by Hereward LM Proops
Cruel Harvest Books
Review by Pat Black
The spirit of the pulps is alive and well in Hereward Proops’ Inspector Forrester stories. A throwback to an era when thrills came at a penny a time, and the great heroes and villains leapt from the pages of The Strand Magazine and Weird Tales. Sax Rohmer’s Fu Manchu, the uncanny horrors of HP Lovecraft and, of course, Conan Doyle’s peerless Sherlock Holmes are all welcome influences on Proops’ storytelling.
In The Casebook of Edmund Forrester, we are treated to three stories featuring the eponymous tough-as-nails Victorian detective. With his gruff demeanour and outrageously broken nose, our hero looks more like a prizefighter than the elegant Holmes. In his brusque put-downs and up-for-a-ruck coppering, I even detected a little bit of Gene Hunt yet-to-be.
The first story, “Strictly Business”, sees Forrester trying to solve the case of an Italian aristrocrat who appears to have been in two places at once – one of those places, unfortunately, having been the scene of an Englishman’s murder in a duel. Its tales of young Brits getting themselves in trouble abroad remind us that some things never change on the continent.
In “The Guardian of the Vaults”, Forrester is tested to the limit when he is asked to stand sentinel over a supposedly cursed emerald, sought by a shadowy Chinese league of assassins. Forrester must face off with a martial arts expert for possession of this gemstone, and the conclusion takes us to very strange places indeed. In its denouement, I sensed some of Robert E Howard’s preoccupations with magical jewels and forbidden plunder. All fine enough on its own, but I have to highlight a wonderful scene in which the assassin Tao Sen trails Forrester through London’s streets from the roof-tops, an Oriental spring-heeled Jack who uses his skills as an acrobat (jumping onto the roof of an omnibus at one point) to trail his quarry back to a museum. Definitely the high-point of the entire book, a brilliant visual scene involving literary acrobatics from its author. And in the use of Tao Sen as a villain, there’s also an affectionate nod to good old, bad old Fu Manchu.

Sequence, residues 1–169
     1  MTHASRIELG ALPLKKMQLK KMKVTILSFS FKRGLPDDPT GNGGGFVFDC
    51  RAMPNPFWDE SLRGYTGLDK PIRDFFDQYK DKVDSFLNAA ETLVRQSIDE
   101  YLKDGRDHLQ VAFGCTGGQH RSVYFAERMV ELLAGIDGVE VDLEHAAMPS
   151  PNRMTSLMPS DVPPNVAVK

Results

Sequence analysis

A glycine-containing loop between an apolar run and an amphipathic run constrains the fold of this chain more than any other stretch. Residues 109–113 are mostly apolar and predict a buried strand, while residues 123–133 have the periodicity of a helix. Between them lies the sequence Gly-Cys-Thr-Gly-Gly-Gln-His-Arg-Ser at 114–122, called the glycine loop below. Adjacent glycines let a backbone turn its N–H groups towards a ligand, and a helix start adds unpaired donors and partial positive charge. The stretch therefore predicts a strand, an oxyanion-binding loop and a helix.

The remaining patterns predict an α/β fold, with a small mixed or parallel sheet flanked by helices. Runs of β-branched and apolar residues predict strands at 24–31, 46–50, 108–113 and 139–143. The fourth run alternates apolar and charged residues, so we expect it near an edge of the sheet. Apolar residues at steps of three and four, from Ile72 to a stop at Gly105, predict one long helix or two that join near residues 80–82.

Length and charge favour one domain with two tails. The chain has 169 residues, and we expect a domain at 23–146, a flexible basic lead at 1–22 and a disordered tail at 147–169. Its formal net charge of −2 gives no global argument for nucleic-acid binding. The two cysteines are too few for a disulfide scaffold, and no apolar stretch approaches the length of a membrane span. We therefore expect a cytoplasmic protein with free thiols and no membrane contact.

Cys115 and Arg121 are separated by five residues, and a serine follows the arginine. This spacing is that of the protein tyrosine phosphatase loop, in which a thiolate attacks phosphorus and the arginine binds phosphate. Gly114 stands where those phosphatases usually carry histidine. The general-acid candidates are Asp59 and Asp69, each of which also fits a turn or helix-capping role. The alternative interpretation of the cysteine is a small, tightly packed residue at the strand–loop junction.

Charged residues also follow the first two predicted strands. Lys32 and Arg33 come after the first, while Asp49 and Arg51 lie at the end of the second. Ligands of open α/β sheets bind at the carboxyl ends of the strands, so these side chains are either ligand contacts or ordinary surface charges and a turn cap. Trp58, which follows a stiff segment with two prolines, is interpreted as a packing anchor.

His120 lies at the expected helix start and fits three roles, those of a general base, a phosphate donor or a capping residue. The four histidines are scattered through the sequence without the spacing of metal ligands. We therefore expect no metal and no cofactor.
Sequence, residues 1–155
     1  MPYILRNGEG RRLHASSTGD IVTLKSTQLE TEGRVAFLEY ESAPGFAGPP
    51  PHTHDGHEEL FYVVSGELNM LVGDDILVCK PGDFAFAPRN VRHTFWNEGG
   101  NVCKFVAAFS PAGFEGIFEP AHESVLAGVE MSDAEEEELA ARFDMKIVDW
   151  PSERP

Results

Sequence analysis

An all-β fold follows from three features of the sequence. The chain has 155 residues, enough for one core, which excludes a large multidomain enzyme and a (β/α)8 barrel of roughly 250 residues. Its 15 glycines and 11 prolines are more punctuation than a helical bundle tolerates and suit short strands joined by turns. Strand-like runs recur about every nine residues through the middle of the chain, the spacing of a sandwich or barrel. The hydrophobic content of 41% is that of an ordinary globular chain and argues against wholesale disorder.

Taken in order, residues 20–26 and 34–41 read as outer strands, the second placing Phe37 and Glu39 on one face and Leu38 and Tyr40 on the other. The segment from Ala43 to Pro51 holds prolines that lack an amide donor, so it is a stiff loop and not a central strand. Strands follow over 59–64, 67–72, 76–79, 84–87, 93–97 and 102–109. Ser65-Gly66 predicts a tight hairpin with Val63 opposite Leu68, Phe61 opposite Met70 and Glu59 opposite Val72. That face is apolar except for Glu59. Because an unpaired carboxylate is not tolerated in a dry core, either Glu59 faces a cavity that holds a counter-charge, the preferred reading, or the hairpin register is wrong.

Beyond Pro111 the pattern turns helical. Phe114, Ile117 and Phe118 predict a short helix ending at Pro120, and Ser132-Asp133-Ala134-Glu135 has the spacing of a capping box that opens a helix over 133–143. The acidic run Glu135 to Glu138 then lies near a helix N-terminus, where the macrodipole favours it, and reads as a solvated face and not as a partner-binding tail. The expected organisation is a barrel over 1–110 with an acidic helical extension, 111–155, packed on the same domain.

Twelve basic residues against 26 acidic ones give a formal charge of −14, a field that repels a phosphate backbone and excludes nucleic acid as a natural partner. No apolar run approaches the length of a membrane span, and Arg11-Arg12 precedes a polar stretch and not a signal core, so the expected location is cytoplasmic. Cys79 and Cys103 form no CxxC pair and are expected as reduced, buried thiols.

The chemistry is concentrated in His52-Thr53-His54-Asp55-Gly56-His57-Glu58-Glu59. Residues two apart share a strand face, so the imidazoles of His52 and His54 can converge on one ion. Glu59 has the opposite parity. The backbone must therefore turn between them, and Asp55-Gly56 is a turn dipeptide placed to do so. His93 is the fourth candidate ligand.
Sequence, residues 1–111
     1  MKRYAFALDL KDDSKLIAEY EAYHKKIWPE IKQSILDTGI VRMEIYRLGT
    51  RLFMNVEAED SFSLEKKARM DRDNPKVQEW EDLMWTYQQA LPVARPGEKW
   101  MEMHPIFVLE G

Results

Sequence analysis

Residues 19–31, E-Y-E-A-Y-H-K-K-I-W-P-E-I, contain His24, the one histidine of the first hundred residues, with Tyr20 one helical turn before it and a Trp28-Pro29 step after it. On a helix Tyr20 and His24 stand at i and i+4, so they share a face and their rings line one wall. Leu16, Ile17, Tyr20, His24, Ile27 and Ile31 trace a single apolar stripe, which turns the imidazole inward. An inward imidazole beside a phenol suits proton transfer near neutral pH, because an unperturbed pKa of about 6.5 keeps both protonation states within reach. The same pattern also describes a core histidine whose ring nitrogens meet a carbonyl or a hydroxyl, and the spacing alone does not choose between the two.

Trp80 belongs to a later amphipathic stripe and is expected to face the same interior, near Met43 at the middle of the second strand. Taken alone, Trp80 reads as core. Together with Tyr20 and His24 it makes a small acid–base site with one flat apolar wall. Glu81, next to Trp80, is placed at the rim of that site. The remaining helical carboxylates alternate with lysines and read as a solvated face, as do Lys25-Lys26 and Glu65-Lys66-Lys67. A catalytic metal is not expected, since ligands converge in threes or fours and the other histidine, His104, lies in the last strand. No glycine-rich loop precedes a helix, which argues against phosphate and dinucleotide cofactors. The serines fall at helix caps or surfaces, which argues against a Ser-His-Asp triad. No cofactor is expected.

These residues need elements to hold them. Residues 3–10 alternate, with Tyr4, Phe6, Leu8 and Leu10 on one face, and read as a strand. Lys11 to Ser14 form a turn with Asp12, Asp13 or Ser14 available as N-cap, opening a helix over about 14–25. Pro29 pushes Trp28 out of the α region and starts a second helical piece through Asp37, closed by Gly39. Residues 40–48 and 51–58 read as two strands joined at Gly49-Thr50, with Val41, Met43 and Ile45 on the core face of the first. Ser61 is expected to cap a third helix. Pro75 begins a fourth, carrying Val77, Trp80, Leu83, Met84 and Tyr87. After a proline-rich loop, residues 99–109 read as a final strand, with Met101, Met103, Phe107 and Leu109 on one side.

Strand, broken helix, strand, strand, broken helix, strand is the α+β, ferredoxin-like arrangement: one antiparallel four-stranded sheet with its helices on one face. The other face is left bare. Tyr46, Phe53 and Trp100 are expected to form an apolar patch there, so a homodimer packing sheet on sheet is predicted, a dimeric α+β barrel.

“Red Mist” recalls the Hound of the Baskervilles in its odd, fog-enshrouded rural setting. But it has a weird atmosphere all on its own as Forrester trails three escaped convicts across the countryside – while a nasty pea-souper descends on the pursuers and pursued alike.
It’s heartening to notice that on e-book bestseller lists, the Sherlock Holmes stories feature very highly. Even allowing for the splendid new BBC series, interest in Victorian pulp thrills remain undiminished in popular culture. Surely the recent craze over vampires owes more than a little something to Bram Stoker and his infamous Count? My own favourites are the ghost stories from the great Victorian and Edwardian writers, ones that you still come across in anthologies to this very day. Hereward Proops’ taciturn Inspector Forrester is following on from a very grand tradition, and has little difficulty keeping up with his illustrious forebears.